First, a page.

Networking… not a very British pastime

“I guess it’s been a journey, as for most people,” says Laurie Bernard, CEO of The Business Services Partnership, a firm he set up in 1992 to provide business development and marketing counselling, alongside training and mentoring.

The journey he’s talking about is the move from a corporate world with which he’d become disillusioned, to a path all of his own making. “I wanted to be in charge of my own destiny,” he says. “I realised I no longer wanted to be at the beck and call of somebody in some grey office somewhere in the world. For right or for wrong, I no longer wanted to be told what to do, so I took control of my own destiny and started my own business.”

And there’s been no looking back. Laurie, who will be running a workshop on networking at a forthcoming AAT branch event later this year, is genuinely passionate about what he does, whether its inspiring people to take the plunge into setting up their own business, then growing that business, showing people how to harness social media marketing or training people to become elite networkers. “I get a thrill from seeing people succeed and stop making the mistakes I’ve seen others make, be it myself, my family, or other businesses, so it’s great to see people grow and succeed.”

The many thousands of people who have crossed Laurie’s path include a dog walker who decided to go down a different route and set up the HungryHouse takeaway company, to people at a training session who went on to set up the Innocent smoothie brand. “It’s been a great reward to be able help people make something of their lives, I get a real buzz out of it, out of training people.”

Networking… not a very British pastime

One of Laurie’s key philosophies in business is treat other people how you want to be treated yourself. “I think that’s really important,” he says. “What we’re looking to achieve at the workshop is to show people how to make connections and maintain those relationships, physically how to work a room, how to develop networking techniques, how to use social media effectively, to build a profile on LinkedIn, and to avoid some of the pitfalls of using social media.

“Hopefully people will come away feeling more confident about networking and understand how to use it to gain business, to widen their contacts and subsequently get more referral business by building a reputation as a person to be connected to.”

But that’s easier said than done with us often reserved Brits. Generally speaking, we don’t feel comfortable blowing our own trumpet, we like to be seen and not heard. “But when you get into a networking environment it’s like being in a sales exhibition, people come to hear your story and if they like what you’ve got to offer, then at some point they might buy what you’ve got or, even better, recommend you to someone else,” says Laurie. “This is the power of networking, building trust with people whereby they’re happy to part with their money or recommend you to more people.”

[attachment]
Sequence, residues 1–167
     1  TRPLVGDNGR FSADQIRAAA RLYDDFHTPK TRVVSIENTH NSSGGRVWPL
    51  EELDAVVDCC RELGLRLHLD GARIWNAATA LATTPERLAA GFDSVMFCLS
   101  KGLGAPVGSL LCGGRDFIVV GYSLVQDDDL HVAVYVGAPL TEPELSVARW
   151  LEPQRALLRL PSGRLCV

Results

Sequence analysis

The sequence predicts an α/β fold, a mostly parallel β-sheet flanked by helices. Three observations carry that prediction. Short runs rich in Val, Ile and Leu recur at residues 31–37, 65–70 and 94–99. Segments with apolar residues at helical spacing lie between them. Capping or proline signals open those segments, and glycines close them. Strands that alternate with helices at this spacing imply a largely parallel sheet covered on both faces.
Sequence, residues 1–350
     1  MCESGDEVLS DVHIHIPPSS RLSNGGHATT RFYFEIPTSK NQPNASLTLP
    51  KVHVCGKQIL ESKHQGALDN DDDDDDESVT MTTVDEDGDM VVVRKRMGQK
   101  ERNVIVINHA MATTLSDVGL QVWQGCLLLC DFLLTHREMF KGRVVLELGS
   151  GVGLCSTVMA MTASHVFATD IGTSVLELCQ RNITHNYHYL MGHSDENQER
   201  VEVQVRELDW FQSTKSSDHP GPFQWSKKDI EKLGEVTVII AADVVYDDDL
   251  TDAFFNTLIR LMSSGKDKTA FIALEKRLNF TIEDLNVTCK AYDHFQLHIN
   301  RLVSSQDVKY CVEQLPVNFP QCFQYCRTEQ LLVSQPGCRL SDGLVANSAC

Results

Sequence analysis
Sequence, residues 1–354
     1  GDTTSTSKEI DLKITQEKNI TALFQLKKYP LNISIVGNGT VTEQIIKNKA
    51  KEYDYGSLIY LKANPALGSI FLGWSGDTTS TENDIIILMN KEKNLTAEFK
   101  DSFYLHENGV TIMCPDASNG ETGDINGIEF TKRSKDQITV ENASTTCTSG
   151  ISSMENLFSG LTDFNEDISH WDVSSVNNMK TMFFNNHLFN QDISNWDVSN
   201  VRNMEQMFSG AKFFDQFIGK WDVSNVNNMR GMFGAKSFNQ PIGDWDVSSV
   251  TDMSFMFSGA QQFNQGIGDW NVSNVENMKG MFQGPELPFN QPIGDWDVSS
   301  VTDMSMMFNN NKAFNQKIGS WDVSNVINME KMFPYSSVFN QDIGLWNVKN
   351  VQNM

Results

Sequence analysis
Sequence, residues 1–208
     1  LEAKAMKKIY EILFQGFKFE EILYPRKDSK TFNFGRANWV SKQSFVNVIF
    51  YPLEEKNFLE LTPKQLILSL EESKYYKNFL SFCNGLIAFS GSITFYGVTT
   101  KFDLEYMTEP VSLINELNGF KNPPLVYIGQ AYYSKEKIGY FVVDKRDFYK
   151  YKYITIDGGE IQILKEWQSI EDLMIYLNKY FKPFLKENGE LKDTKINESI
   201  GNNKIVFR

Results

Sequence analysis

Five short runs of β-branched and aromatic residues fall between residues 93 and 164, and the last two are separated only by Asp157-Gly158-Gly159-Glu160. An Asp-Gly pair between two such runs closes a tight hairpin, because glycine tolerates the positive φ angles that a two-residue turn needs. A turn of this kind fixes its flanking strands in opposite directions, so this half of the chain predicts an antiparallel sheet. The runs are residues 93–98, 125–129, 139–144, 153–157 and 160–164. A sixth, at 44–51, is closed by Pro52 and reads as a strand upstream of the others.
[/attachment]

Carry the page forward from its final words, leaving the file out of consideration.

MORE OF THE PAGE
Unlike Americans, people in the UK don’t know how to work a room, says Laurie. “They don’t realise that they’ve not just gone to a networking event to have a cup of coffee and talk about themselves. You need to identify what you want to achieve from the meeting and then follow up afterwards. Send people follow up emails reiterating what you said, or maybe talk to them on a regular basis. It’s just a way of making a connection that’s warm as opposed to totally cold.

“Whether you’re networking face-to-face or electronically, people buy people first, and people want to know what you can achieve for them, not what you can achieve for yourself,” says Laurie. “Networking is very much about being useful to somebody else and being perceived as an expert in your field, but you’ve got to work on it.”

Laurie’s top three networking tips

  1. Ensure you are networking with the right people e.g. fish in the right pool. Where possible research who’ll be attending an event, or check to see whether there’s a theme relevant to particular industries.
  2. Preparation: plan and rehearse your ‘elevator pitch’, e.g. what are you going to say about the benefits of your business from the listener’s viewpoint?
  3. Follow-up after the event: a simple email saying it as a pleasure to meet, going over what you talked about, offering more detail, or providing links to websites, blogs or previous work.

“I think it’s the bible that has a saying, give a man a meal and he eats for a day, but teach him how to fish and he’ll feed his family for a lifetime, and I guess that aligns with what inspires me to do what I do.”

Neil Johnson is a freelance business journalist who contributes regularly to trade publications and member organisations, covering employability, recruitment, business trends and industrial analysis.

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